Today’s article was submitted by Chris Lele from Magoosh.
1. Read, read, read
It is true that to really improve your reading score, you have to work at it for a while, doing practice passages and improving your reading skills. But there is a little hack in there somewhere—something to help you improve a little in a short period. Each week, Newsweek or Time has a feature, a several-page in-depth article on just about anything. Once a day, spend about 20 minutes reading this feature, writing a one-sentence summary after each page. This level and style of writing crops up in both the reading and writing section (one article on the May SAT was actually taken from Time magazine).
Bonus tip: do this first thing in the morning and you’ll be used to reading lots of text when you’ve just woken up–just as you’ll have to do test day.
2. Dust off the mental calculator
Many were surprised when the College Board decided that it would ban calculator use in one of the math sections. But the calculations required in this section usually don’t exceed the difficulty of 332 divided by 8 or 19 x 8. While you can do both of these on paper, learning to do them quickly in your head will save you lots of time.
Of course, easier said than done. Here’s a mental math app to help you get started.
3. Use official practice tests
While there is a world—a galaxy, really—of SAT content, a lot of it doesn’t reflect the content of the actual test very well. Sure, there are some decent question writers out there, but it is best to use official questions. These questions have been subjected to a rigorous process to make sure they are valid (those other books, by contrast, might have a couple of people—if that—vet the questions beforehand).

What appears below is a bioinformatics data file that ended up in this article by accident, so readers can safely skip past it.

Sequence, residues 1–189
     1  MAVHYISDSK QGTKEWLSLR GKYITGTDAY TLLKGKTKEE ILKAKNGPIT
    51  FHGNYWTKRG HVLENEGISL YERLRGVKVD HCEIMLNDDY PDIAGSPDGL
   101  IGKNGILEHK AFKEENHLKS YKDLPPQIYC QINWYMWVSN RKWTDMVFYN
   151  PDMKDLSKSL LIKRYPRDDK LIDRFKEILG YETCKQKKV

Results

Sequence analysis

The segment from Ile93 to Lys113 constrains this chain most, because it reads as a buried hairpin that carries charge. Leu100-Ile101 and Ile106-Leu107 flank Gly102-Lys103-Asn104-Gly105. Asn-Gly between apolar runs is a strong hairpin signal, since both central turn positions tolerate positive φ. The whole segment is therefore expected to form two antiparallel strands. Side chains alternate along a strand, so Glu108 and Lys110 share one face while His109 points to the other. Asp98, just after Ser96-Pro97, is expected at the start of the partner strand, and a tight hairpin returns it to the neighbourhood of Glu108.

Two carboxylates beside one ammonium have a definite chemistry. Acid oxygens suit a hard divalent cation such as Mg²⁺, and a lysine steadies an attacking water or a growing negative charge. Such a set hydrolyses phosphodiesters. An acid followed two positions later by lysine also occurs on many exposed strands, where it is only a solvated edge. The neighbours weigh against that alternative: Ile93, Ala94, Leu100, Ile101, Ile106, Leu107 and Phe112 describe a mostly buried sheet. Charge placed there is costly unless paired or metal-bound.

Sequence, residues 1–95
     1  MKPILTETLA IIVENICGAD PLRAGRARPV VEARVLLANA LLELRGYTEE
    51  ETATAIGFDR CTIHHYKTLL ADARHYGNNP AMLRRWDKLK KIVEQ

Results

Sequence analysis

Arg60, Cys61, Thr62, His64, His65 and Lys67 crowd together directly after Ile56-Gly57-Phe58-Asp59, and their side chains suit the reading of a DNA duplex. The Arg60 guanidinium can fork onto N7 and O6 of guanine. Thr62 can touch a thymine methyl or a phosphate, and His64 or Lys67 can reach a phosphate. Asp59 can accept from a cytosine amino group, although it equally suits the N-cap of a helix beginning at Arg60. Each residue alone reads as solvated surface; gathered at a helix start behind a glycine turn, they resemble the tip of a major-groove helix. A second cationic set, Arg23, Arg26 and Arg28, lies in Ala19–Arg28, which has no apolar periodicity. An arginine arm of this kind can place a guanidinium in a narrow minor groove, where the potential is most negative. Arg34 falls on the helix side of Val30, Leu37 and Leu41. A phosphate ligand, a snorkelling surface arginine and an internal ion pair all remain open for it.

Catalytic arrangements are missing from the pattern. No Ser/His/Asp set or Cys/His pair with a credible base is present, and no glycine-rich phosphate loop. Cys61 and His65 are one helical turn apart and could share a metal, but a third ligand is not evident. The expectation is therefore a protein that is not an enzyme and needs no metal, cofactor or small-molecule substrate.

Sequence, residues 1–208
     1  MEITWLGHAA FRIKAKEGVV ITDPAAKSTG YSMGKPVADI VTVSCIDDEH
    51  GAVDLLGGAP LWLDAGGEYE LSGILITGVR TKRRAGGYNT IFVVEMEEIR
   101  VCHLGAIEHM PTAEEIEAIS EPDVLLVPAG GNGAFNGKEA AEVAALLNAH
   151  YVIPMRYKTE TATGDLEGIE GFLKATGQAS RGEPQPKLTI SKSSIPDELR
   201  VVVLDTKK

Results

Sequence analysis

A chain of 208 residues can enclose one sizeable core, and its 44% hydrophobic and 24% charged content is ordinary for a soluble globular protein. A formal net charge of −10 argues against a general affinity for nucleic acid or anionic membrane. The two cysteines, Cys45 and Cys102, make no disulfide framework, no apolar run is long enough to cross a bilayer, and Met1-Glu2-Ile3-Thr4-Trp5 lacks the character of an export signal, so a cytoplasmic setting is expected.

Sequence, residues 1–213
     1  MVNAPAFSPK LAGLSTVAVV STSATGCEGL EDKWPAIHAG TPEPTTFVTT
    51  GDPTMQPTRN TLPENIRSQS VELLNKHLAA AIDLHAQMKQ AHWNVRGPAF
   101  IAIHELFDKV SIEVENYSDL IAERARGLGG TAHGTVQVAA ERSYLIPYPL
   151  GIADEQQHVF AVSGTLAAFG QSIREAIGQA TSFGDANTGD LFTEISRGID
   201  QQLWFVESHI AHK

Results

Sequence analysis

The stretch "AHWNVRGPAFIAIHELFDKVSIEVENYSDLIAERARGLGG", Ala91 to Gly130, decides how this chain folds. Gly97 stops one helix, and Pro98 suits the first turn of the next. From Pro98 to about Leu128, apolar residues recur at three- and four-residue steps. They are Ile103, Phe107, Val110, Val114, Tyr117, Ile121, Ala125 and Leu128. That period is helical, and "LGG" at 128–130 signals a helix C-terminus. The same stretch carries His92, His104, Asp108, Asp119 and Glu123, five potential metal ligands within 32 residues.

By using these questions, you’ll get a sense of the way the actual test writers think (and try to trick you). You’ll get a feel for the difficulty of an actual section. Other publishers are often not difficult enough or are too difficult in the wrong places, giving the section an uneven feel. Why’s that a big deal? It’ll affect your actual performance and pacing on the real exam—a huge and often overlooked factor in your final score.
4. Try to understand why you missed a question
It is not enough to know that you missed a question. Go back and try to understand why the right answer is correct. On math, this means going back through the steps necessary to arrive at the answer while making sure you have a deep understanding of the concepts so that if you see a similar question in the future you know what to do. For reading, try to understand the logic of the correct answer (the one you didn’t choose). The more you do this, the more you’ll be able to think like the test writers.
5. Focus on the most commonly tested concepts
It’s easy to want to work at topics that you find difficult (yes, I’m talking about trigonometry). But phrasal verbs on the writing section or imaginary numbers in the math section aren’t that common. Instead you should focus your time learning those things that are most common. For math the most common topics are manipulating algebraic equations, reading graphs and charts, and word problems. For grammar, the use of punctuation, sentence placement, and pronoun rules are common. For reading, make sure you have the evidence-based reasoning questions down. Also, learn to master main idea questions (Hint: after reading the passage, put into words what you thought the main meaning was).
About Chris Lele
For the last ten years, Chris has been helping students excel on the SAT, ACT, and GRE. In this time, he’s coached 5 students to a perfect SAT score. Some of his GRE students have raised their scores by nearly 400 points. He has taken many GMAT students from the doldrums of the 600s to the coveted land of the 700+. Rumor has it he does a secret happy dance when his students get a perfect score. You can read Chris’s awesome blog posts on the Magoosh High School Blog, and study with his lessons using Magoosh SAT Prep.